Their followers are standing up against the tide of irrationality with meetings, articles, protests, and what science journalist Steve Silberman calls “anti-woo lines drawn in the sand,” such as a petition signed by hundreds of U.K. doctors demanding that the National Health Service stop sending money on homeopathic treatments. Clinical trials prove that most alternative remedies work no better than placebos (fake treatments), the skeptics point out—people who use them are being duped. Many argue that these bogus treatments need to be stamped out. There’s nothing we need in health care that we can’t get from conventional, evidence-based cures.
I’m all for defending a rational worldview. I believe passionately in the scientific method: I have a PhD in genetics and medical microbiology, and I spent three years probing the inner workings of cells at a top London hospital. I believe that everything in nature can be studied scientifically if we ask the right questions, and that the medical treatments we put our trust in should be tested in rigorous trials. The skeptics are right: if we abandon science for wishful thinking we might as well be back in the dark ages: drowning witches, bloodletting and praying that God will save us from the plague.
But I’m not sure that simply dismissing alternative medicine is the answer. In my work as a science journalist, I encounter not just those who are cured by modern medicine but those who aren’t: patients whose lives are devastated by gut problems or fatigue yet are dismissed as not having a “real” condition; people suffering from chronic pain or depression, prescribed even-higher doses of drugs that create addiction and side effects but don’t solve the underlying problem; cancer patients who receive rounds of aggressive treatment well past the point at which there’s any reasonable hope of extending their lives.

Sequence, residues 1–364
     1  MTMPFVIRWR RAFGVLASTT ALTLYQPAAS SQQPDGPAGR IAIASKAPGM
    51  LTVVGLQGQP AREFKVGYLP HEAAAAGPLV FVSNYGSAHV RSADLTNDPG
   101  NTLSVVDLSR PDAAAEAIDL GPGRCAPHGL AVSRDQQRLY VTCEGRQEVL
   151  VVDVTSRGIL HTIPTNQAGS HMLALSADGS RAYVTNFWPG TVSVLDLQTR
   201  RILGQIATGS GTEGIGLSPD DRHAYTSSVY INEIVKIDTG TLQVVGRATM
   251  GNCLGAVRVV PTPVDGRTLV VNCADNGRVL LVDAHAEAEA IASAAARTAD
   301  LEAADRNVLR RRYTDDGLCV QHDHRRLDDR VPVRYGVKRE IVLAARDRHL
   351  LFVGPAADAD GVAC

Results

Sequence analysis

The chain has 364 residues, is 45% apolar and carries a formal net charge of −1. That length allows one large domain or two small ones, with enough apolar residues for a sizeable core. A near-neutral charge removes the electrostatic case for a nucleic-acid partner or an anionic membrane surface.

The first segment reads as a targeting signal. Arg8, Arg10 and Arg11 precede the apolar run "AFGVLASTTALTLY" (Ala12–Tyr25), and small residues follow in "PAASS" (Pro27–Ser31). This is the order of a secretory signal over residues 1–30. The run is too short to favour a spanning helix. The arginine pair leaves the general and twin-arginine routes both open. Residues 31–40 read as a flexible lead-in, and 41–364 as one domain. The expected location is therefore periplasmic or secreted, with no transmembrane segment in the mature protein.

And I regularly come across scientific findings—sometimes making headlines but often buried in specialist journals—suggesting that intangible, immaterial treatments can have real physical benefits. Patients hypnotized before surgery suffer fewer complications and recover faster. Meditation triggers molecular changes deep inside our cells. And as we’ll see in the first chapter of this book, if a treatment works no better than placebo that doesn’t mean that it doesn’t work—simply believing you have received an effective remedy can have a dramatic biological effect. The mothers around me using amber bracelets and homeopathic pills aren’t ignorant, or stupid; they know from experience that these things genuinely help.
Adapted from Cure: A Journey Into the Science of Mind Over Body, Copyright © 2016 by Jo Marchant. Published by Crown Publishers, an imprint of Penguin Random House LLC, on January 19, 2016.